Here are a pair of interesting e-publishing-related videos that have come to my attention lately.

First, a look at a possible new technology for buying and synchronizing e-editions of magazines to tablet computers using a touch-sensitive tabletop surface screen. It looks like something out of Minority Report: the consumer places his tablet on top of the surface, which logs him in, then swipes the magazines he wants across the surface and onto his tablet.

Still, as commenters where I first saw the video pointed out, the question remains why anyone would want to go to the trouble of taking his tablet out to a table when he could just as easily buy and download the magazines from the Internet.

The other video is a clever little piece about the future of publishing created by a UK publisher for an internal sales conference—and it proved so popular that it was shared externally as well. You may be slightly dismayed as it unrolls in front of you, but bear with it and watch it all the way through. You’ll start to see what I mean at about the halfway point.


  1. > could just as easily buy and download the magazines from the Internet.

    I don’t need the Internet to buy a print magazine or newspaper. Must I use the Internet to get the electronic version on my mobile device?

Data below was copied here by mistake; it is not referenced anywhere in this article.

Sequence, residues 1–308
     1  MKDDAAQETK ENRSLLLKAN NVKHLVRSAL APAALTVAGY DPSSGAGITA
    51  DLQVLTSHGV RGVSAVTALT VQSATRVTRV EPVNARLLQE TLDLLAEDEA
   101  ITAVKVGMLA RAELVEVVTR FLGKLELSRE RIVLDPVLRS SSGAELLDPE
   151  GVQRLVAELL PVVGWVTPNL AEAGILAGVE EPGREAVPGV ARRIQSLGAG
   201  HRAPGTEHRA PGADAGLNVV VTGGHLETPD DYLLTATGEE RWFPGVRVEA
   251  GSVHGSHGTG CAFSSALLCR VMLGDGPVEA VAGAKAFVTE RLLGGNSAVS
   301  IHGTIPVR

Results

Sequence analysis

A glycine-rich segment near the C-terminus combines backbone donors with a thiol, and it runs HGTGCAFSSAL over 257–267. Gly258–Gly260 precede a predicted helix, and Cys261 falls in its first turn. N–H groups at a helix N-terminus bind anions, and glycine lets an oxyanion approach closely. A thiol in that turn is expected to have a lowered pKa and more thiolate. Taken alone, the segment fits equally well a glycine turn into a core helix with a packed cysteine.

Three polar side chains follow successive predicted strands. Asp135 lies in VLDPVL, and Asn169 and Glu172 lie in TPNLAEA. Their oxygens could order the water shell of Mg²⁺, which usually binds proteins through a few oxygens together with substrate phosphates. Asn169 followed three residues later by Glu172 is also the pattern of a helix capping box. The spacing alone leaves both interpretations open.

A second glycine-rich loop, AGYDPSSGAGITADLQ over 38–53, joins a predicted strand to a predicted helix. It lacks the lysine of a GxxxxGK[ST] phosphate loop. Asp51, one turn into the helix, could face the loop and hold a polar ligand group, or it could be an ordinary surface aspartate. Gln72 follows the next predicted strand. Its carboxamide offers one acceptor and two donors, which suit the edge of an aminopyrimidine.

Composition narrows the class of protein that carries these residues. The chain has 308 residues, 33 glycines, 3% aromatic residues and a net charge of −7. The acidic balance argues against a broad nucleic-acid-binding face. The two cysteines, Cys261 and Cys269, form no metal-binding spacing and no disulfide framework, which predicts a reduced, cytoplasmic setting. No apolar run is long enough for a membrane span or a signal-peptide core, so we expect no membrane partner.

I may be in a location where Internet costs money. Why pay for Internet service when all I want is to get the magazine on my device and go?

    Maybe I am a wireless Internet subscriber but can’t get service at this location.

    Maybe the periodical I want is free, but Internet in this airport is $12.95 an hour.

    My device has Wi-Fi. Shouldn’t the retailer be able to host the periodical locally where I can download it wirelessly in an instant, right in the store?

    Maybe the retailer is a cafe I love, a newsbox, or a guy standing outside the subway station with a wireless server on his belt. They dare to sell newspapers without an ISP!

    I guess we should all forget about those because we can “just as easily” download reading material from the Internet.

The TeleRead community values your civil and thoughtful comments. We use a cache, so expect a delay. Problems? E-mail